Why Baltimore Clayworks Has a Mortgage

This document was distributed at the February 8, 2017 Community Meeting. Download a PDF here: WhyBaltimoreClayworkshasaMortgage.

WHY Baltimore Clayworks has a Mortgage


Early Days – The former Enoch Pratt Library was closed in the 60’s due to a consolidation move by the Pratt. It served briefly as a primary school annex to Mt. Washington Elementary until the school built an addition. It housed a variety of Board of Education functions until it ceased to have activity in the early 70’s.  It was empty until the Disposition Properties Division of the City put it on the market.

In stacked interviews, 23 business, companies, etc. presented proposals for the purchase and re-use of the building, to a steering committee of 9 people: 3 from the Mt. Washington Merchants’ association, 3 from city planning and 3 from the Mt Washington Improvement Association. Short story – that group chose Baltimore Clayworks Founders to negotiate with Baltimore City HCD to purchase and renovate the building and make it into a community ceramic art center. The founding individuals put up their personal money to make the down payment, in some cases borrowing from family members. They further signed personally (houses, cars, bank accounts) to secure the mortgage and rehab loan on the building. Clayworks opened its doors in 1980.

Twenty years later – Armed with non-profit status, hard work and a stellar international and local reputation, in 1998, Baltimore Clayworks was named “The Millenium Organization”  for year 2000 by the National Endowment of the Arts; a large and highly visible funded mural program took place in the millennial year.  This visibility further encouraged Clayworks to continue its plans to make accessible and expand the studio building, as studio space was cramped and inadequate, and Clayworks was unable to accommodate its waiting lists for classes. Using a real estate consultant, a board committee searched the city and neighboring county seeking to move to a larger site. However, no site could be found to make an even marginally affordable move that would incorporate the gas, soda  and wood-firing kilns that attracted international and other professional-quality artists.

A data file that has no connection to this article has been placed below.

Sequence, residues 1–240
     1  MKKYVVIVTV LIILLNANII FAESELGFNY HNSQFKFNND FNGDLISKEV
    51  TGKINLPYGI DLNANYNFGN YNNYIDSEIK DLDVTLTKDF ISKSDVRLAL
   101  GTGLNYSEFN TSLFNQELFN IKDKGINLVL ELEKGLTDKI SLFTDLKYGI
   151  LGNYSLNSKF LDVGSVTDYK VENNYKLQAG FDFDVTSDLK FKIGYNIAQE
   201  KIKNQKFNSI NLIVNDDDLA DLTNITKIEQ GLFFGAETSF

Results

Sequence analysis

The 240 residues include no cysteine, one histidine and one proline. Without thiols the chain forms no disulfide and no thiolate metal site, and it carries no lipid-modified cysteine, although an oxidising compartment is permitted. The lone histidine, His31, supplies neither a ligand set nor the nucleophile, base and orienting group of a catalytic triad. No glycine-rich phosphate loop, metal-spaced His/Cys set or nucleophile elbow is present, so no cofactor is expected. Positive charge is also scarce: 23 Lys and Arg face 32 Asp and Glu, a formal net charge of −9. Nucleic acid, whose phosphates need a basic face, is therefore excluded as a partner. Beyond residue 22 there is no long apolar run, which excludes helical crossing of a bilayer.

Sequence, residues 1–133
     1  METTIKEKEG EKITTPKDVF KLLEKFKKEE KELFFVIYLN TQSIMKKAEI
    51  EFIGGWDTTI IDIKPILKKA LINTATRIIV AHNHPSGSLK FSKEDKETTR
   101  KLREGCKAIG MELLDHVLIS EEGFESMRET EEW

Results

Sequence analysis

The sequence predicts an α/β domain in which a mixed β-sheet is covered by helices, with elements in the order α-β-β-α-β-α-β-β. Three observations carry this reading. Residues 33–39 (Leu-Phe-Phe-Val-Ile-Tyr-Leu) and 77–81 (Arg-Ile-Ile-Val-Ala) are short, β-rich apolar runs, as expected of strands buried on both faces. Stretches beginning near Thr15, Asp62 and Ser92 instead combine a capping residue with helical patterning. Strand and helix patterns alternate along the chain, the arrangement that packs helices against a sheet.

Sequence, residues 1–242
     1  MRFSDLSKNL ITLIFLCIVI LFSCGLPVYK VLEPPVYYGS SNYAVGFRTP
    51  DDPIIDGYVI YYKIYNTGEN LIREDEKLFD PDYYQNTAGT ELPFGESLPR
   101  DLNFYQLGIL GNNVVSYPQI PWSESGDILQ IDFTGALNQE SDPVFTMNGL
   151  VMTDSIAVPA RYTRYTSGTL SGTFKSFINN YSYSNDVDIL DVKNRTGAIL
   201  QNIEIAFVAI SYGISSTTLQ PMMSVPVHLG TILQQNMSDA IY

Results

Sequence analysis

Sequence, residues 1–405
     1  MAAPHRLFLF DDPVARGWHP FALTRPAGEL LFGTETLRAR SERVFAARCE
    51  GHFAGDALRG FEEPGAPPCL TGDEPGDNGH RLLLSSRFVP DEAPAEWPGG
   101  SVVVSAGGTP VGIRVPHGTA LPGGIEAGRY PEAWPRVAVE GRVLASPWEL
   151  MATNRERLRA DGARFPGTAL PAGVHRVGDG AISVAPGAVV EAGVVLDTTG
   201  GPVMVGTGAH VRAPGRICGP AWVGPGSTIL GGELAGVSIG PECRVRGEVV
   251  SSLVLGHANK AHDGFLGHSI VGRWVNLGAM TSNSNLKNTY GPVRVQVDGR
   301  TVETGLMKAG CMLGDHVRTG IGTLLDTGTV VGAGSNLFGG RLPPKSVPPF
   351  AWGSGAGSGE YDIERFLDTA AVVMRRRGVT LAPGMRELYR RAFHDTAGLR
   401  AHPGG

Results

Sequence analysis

Lost in court: Lost all funding — However, the visibility did bring Clayworks into the scrutiny of disabilities activist, Marilyn Phillips, who sued Clayworks (and other arts organizations) because the historic library building was not fully compliant with the Americans for Disabilities Act.  Baltimore Clayworks went to court and lost. At this point ALL FUNDING FROM THE STATE, REGIONAL AND NATIONAL AGENCIES CEASED, as agencies needed to be compliant with the 504 regulations.  Foundation funding followed suit.

Very quickly, Baltimore Clayworks cut trees on the east side of the building and brought in a “double-wide” modular classroom, and built ramps from the street into the buildings. This was unpopular with the community, but there was no other recourse.  After a 4 month hiatus, Clayworks’ funding resumed and the community and funders gave Clayworks a two-year window to raise capital and start construction.

The board raised $2.8 million cash in 2 years, removed the modular units, secured an architect and a construction company, secured permits and broke ground. At the same time, the programs had to continue. During this period, The St. Paul, our largest corporate donor, gave us Provincial House, currently the Gallery Building. To make it habitable and finish the construction – scaled back in scope  because of the gift — the board (which had 3 CPA’s on it) took out a mortgage. From 2005  when the Studio Building opened and NCECA arrived in Baltimore, through the global recession years of 2008-10,  until 2014 – the last Annual Report that appears on the Clayworks website, there was some additional borrowing, but there was no discussion of selling buildings. The 2014 Annual Report shows that there was sufficient operating income to pay the mortgage monthly.

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